Coach’s Favorite: Bodyweight Exercises

Coach Kenny’s Pick: The Burpee

Why:  It teach’s efficiency, mental toughness, attention to detail, and endurance. As an added bonus, you need zero equipment.

When do you use it?

It’s hard to beat as a basic conditioning tool: you don’t need anything but your own body and gravity, but boy do burpees get the heart going. Furthermore, to do this movement well, you have to to be efficient and move in rhythm. If you’re not very good at these things to start, after practicing burpees you’ll get better.

There’s also some nice symbolism about getting back up when you get knocked down.

Coach Brandon’s Pick: The TRX Body Saw

This is a challenging abdominal exercise that requires you to keep your entire core tight and contracted for the whole set. While many people think to do things like sit-ups and crunches for abdominal strength, exercises that emphasize control and stability are more much useful and important, especially for an athlete.

Athletes need to manage forces from all angles and in unpredictable positions, therefore challenging the core to remain stable with a moving base of support is an excellent exercise.

When do you use it?

Anytime you are looking to burn out your abdominals in a short time period. Many other abdominal exercises require a lot of reps before your core reaches fatigue, three sets of 10 reps of this exercise is sure to get the job done!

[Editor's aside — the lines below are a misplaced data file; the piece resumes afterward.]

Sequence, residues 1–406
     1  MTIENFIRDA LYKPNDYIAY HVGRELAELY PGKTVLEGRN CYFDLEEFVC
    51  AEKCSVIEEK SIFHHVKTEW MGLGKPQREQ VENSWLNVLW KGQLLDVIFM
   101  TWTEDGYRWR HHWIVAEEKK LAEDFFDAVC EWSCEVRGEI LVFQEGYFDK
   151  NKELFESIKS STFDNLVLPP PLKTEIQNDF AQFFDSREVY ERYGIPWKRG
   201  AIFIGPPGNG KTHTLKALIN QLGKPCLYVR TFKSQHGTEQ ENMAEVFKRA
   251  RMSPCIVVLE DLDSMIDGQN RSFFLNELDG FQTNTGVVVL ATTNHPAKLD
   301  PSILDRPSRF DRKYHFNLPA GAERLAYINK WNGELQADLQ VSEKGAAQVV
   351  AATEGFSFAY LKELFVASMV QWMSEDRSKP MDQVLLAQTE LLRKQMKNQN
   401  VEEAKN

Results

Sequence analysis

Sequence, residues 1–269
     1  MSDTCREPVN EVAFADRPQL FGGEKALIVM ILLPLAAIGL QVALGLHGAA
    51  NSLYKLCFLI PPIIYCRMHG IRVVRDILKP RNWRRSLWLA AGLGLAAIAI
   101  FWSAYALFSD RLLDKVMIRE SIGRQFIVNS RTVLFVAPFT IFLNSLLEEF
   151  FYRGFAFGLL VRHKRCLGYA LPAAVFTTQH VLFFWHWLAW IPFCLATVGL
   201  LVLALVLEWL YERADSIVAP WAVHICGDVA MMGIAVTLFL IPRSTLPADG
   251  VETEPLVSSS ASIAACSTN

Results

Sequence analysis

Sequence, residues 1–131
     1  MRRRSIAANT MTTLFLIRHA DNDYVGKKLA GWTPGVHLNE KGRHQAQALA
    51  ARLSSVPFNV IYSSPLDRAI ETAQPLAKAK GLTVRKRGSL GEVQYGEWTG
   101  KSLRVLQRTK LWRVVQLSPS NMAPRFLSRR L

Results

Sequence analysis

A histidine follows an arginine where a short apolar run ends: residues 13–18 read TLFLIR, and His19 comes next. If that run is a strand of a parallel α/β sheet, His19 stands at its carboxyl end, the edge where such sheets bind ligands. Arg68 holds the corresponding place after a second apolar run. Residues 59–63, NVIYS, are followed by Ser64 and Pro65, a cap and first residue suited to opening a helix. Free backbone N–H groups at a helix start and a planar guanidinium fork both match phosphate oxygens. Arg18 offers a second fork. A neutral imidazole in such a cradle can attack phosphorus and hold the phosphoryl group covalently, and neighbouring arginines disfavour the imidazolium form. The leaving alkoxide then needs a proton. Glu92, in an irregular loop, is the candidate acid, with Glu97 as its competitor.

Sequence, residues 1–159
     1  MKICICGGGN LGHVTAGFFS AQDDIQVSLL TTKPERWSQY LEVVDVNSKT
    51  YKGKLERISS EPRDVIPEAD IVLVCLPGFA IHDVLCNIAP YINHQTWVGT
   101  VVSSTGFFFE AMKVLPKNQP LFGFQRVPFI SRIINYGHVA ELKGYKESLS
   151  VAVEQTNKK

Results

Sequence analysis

Coach Yo’s Pick: Single Leg Box Squat Series

Why: These exercises expose any weaknesses in an athlete’s unilateral strength and let the athlete work on strength at a specific range of motion.

This series is an especially good tool for those athletes who struggle with single leg balance and stability. It can also be a good way to see how much “functional strength” they have. As a coach, it is very important to understand and see if your athletes have good control (strength and stability) during a movement as well as good range of motion (mobility).

When do you use it?

When someone struggles with any of the following:

  • basic squat pattern (depth, posture, and lumbopelvic control)
  • Single leg stability and balance
  • Change of direction at a sharp angle (like 5-10-5 agility test)
  • Coming back from ankle/knee injuries